WEIRD SCIENCE #32 COVER. 2013.
Ink on bristol board, 13 × 19″.
Mondo Gallery in Austin, Texas is hosting a show that honors EC Comics and Tales from the Crypt. “It Didn’t Rot Our Brains” runs from October 25 through November 23 and I’m happy to be included among the many artists. Although I’ve always been a fan of the Crypt Keeper (who is rumored to be based on a RISD professor) I went the sci-fi route and did a tribute to Wallace Wood, one of my favorite comic book artists. I like to think that, like him, I take draftsmanship seriously (and little else).
I inked this cover myself since it was for a show and they needed it quickly (my Dad, Joe Rivera, usually inks my work). That being the case, I “penciled” it digitally in Photoshop and printed it out in blue-line, then went straight to inking. I used a Winsor & Newton Series 7 #6 brush for everything but the lettering, which was penned with a Speedball B-6 nib. Holbein Drawing Ink is my ammunition of choice, which provides a rich black and dries to a waterproof finish.
|blue-line print of digital “pencils”|
Pictured above is a darkened version of what I actually inked over. Converting to blue-line is easy with an adjustment layer in Photoshop set to “Colorize” — this turns every layer below to the same hue, which can be then be adjusted according to taste. Below is a screenshot of my typical setting: Hue – 196, Saturation – 100, and Lightness +94.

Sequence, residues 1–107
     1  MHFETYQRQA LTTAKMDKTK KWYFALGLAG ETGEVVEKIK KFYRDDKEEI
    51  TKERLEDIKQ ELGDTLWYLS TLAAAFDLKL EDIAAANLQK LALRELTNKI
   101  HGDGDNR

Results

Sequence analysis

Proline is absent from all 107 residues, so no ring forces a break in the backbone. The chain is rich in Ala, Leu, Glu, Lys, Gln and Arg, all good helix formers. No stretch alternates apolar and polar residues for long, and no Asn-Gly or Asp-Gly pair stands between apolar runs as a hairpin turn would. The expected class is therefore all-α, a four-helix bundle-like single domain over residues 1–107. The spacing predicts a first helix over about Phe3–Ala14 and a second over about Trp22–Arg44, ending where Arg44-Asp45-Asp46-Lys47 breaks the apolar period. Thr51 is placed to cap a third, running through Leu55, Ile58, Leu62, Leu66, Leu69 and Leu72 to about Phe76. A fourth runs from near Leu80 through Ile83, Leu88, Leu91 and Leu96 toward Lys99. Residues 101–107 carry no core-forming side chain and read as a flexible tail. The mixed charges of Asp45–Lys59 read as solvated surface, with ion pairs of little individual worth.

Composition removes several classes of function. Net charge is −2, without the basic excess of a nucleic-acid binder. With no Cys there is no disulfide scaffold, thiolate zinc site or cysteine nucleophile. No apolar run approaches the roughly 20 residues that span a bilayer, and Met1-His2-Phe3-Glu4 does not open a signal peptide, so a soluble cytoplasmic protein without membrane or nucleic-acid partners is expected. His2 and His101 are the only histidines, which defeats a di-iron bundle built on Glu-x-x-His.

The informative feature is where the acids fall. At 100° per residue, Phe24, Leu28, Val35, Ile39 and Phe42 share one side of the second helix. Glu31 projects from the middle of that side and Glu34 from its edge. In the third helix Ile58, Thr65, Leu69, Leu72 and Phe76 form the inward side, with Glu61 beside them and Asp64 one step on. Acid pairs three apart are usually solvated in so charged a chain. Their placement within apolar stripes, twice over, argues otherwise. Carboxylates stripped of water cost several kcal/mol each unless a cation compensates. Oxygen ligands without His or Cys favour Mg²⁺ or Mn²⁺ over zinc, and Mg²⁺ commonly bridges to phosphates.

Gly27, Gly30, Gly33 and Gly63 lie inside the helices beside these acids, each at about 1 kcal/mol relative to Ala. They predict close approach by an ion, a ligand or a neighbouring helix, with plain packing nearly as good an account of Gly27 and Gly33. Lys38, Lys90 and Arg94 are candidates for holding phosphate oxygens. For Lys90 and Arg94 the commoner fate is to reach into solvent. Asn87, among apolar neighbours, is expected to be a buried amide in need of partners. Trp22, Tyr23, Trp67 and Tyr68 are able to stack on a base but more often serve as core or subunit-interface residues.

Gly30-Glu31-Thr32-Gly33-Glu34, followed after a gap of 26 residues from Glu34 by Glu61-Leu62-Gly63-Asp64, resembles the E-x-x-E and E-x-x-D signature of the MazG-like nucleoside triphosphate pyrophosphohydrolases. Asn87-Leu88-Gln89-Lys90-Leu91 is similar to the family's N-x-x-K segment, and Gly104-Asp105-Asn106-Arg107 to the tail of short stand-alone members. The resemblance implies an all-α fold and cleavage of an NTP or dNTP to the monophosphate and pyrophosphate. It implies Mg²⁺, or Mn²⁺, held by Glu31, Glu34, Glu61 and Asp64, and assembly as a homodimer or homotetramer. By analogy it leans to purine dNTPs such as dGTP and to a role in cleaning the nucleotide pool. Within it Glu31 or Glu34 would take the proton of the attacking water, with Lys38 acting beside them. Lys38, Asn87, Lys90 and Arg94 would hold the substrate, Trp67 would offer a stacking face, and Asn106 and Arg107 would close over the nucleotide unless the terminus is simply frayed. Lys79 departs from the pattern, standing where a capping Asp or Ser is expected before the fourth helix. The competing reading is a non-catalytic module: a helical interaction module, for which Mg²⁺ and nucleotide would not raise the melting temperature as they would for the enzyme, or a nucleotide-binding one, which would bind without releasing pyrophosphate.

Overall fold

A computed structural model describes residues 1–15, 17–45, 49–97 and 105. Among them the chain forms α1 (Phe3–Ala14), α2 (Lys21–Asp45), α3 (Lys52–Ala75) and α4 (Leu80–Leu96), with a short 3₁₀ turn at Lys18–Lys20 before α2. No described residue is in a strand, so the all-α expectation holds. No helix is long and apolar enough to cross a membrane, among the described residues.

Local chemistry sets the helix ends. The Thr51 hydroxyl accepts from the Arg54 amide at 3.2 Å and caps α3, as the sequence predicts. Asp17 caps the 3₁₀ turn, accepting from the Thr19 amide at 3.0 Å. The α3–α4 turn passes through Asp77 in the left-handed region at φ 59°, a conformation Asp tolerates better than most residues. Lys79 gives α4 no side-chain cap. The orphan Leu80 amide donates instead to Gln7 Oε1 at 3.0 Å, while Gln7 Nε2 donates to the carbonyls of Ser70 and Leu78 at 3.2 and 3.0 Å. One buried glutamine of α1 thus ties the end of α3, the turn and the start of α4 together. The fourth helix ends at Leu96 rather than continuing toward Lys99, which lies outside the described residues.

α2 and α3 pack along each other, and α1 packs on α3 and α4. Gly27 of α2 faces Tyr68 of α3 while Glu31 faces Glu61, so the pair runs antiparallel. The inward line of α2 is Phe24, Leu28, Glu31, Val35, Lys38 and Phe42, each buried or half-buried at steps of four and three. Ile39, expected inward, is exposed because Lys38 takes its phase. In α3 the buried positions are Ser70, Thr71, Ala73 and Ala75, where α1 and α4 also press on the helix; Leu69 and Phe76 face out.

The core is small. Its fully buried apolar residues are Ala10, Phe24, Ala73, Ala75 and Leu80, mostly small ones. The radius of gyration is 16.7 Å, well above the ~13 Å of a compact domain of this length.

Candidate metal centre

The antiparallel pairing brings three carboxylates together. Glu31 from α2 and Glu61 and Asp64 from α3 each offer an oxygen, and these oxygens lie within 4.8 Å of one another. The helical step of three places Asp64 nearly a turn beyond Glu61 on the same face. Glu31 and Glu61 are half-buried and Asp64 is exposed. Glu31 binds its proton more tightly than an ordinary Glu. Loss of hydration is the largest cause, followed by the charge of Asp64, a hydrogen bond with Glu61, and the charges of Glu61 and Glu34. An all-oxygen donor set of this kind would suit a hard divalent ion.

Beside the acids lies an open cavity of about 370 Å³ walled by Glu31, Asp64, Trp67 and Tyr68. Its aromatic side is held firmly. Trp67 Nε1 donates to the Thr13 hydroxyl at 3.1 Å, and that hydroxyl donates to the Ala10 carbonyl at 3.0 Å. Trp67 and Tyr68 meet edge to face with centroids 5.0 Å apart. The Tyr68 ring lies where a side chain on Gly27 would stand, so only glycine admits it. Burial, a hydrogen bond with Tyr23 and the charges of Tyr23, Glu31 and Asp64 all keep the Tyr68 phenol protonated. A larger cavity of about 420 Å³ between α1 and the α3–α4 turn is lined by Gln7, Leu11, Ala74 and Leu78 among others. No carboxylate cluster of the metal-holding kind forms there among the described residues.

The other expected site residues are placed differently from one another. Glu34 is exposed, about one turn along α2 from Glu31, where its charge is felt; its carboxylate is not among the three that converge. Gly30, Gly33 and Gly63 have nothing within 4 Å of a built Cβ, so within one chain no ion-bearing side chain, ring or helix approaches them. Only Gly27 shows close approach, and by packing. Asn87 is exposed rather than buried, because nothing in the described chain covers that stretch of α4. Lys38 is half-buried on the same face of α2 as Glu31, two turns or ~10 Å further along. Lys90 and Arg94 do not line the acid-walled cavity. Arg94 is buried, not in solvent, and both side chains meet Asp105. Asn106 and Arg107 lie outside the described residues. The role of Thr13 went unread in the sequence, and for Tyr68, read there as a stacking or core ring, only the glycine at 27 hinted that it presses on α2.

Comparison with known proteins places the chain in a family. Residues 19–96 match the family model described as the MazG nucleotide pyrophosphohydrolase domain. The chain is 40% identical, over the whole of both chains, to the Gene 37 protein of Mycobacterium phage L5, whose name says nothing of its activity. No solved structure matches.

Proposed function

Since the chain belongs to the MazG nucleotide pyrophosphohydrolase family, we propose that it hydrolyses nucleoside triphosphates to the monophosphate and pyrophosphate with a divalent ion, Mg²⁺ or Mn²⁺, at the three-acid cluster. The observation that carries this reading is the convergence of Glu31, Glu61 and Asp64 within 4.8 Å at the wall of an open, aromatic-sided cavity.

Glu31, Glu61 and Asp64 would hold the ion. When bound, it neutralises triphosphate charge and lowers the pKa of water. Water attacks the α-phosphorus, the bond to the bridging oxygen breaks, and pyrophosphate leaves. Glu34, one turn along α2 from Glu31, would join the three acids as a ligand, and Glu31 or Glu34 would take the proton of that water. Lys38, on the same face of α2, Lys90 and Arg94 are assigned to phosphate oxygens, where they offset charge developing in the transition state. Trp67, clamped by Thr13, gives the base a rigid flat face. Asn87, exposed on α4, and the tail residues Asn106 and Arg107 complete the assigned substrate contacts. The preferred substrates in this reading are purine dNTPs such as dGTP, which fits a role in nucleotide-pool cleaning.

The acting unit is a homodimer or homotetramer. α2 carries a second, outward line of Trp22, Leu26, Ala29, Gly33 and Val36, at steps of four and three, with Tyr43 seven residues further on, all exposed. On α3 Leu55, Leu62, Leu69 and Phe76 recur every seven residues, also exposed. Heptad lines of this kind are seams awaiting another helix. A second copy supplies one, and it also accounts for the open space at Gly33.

|HSB adjustment layer|
Prior to that is the rough sketch stage where my primary concern is composition and legibility. I always distribute the main elements to separate layers so I can nudge them into position, or scale them if need be. This is also where I lay in a perspective template that helps keep all the technical aspects aligned. Since this was a tribute cover (with the full support of the Bill Gaines estate) I used the trade dress from an actual Wood cover to frame my own work. Their only request was that I use an issue number that wasn’t already taken.
|digital sketch with trade dress|
Since this was not for publication (and only pays if it sells), the approval process was pretty lax — and so I dashed off a few rough layouts with quick descriptions of what was going on. Of course, now that I did them, it makes me want to draw an entire series.
The whole process, start to finish, took 30 hours, half of that being inking. Because of the tight schedule, I didn’t have time to color the original, but I still hope to color it digitally at some point. Of course, if the art doesn’t sell, I’ll just get it back and finish it up with watercolor and touches of gouache.
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